A query engine sits above your data sources, and is used to execute queries and produce results from your data that can then be used by users, applications, or emitted as a materialized view. Deephaven is also a suite of technologies around that engine. These integrations, experiences, and APIs provide a turnkey framework that enable people to be immediately productive. Open APIs, source and sink hookups, interactive web-UIs, and collaborative utilities are part of that suite. These components enable people to use Deephaven as either a tool within their established kit, or as a central system that powers their stack.
Deephaven is new to the open community, but it is not new. The engine has evolved and been battle-hardened under the care of a series of capital markets players -- bulge bracket hedge funds, bank trading desks, exchanges -- in service of a large range of use cases, many in the critical path of quantitative finance. The framework has breadth because hundreds of developers and quants have demanded features. It’s fast, because they’d have it no other way.
People use Deephaven when their work involves any of the following:
- Real-time and other dynamic data in the applications or analytics they’re building.
- Time series and relational operations to deliver top performance on large static volumes, dense ticking data, or combinations of the two.
- Complexity that requires custom Python, Java, C++ to be compiled alongside table operations.
Sophisticated use cases often require a series of capabilities, not just narrow differentiators and stellar performance. In such scenarios, breadth of utility and general ease-of-use matter a lot. Deephaven provides its most substantial value to users in this dimension. Simply stated, the whole is greater than the sum of the parts.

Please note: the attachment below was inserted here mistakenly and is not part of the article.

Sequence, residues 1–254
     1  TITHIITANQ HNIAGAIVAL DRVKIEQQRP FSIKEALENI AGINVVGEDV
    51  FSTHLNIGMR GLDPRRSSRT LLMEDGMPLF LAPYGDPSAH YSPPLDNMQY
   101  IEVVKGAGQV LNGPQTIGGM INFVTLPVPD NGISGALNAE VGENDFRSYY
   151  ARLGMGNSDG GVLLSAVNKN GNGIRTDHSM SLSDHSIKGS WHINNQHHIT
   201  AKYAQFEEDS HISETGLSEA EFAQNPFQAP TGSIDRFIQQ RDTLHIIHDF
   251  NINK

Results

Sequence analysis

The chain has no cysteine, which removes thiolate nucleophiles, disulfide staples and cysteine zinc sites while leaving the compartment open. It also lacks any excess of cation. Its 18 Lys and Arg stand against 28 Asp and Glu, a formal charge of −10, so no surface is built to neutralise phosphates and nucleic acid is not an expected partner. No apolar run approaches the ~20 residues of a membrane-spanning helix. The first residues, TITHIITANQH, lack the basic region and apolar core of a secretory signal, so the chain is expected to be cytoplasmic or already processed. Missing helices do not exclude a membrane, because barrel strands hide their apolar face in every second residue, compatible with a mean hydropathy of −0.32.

It’s not jingle-worthy, but perhaps “being good at a lot of things” is Deephaven’s superpower.
IOT, market-tech, capital markets, blockchain, crypto, gaming, e-commerce, industrial telemetry, healthcare, and public policy all present workloads where Deephaven is the perfect fit.
- Connect to a series of Kafka streams. Join them. Do calculations. Publish derived, updating data downstream.
- Hook up IOT devices to Deephaven. Create summary and aggregate results. Build real-time visualizations, interactions, and alerts.
- Point Deephaven at Parquet files in S3 or marketplaces. In the Deephaven Console on the web, explore the data programmatically, or via the highly responsive interactive table and plotting tools. Inherit the benefits of Parquet’s nesting features.
- Connect Deephaven to a combination of CSVs, Kafka streams, vendor data-publishing APIs, and Arrow buffers (via Flight). Pip install your favorite Python libraries. Do data science at scale either directly on (updating) Deephaven tables or with snapshots mapped to NumPy arrays and Pandas dataframes.
- Make available a series of Kafka or RedPandas streams. Write your own custom Python functions and Java classes. Combine these in-line with joins, aggregations, and logic to model alerts. Use the JS API to deliver impulse signals to a mobile distribution app.
- Write a web scraper (in Python or Java) within Deephaven. Ingest pertinent XML. Write records to a persistent store at some interval. Do aggregations on real-time data and join with history.
Deephaven’s Wall Street users depend on its capabilities for automated actions, signal farming, quantitative modeling, simulations, risk, monitoring, and reporting. The range of use cases is meaningful, and big money is on the line.
Deephaven embraces the modern trend toward persisted, in-memory, and streaming formats that can be used across platforms. It delivers in-situ access to partitioned, columnar data sources (like Parquet and Arrow Flight) as well as modern event streams (like Kafka, RedPandas, and [soon] Solace and Chronicle).
Many other data sources can be integrated to deliver data in-memory. From there, these are handled identically to the aforementioned formats and can be joined, manipulated, exhausted or persisted as the user designates. Pandas dataframes, NumPy arrays, CSVs, JSON, XML, [soon] ODBC, CDC, and R dataframes are examples of these.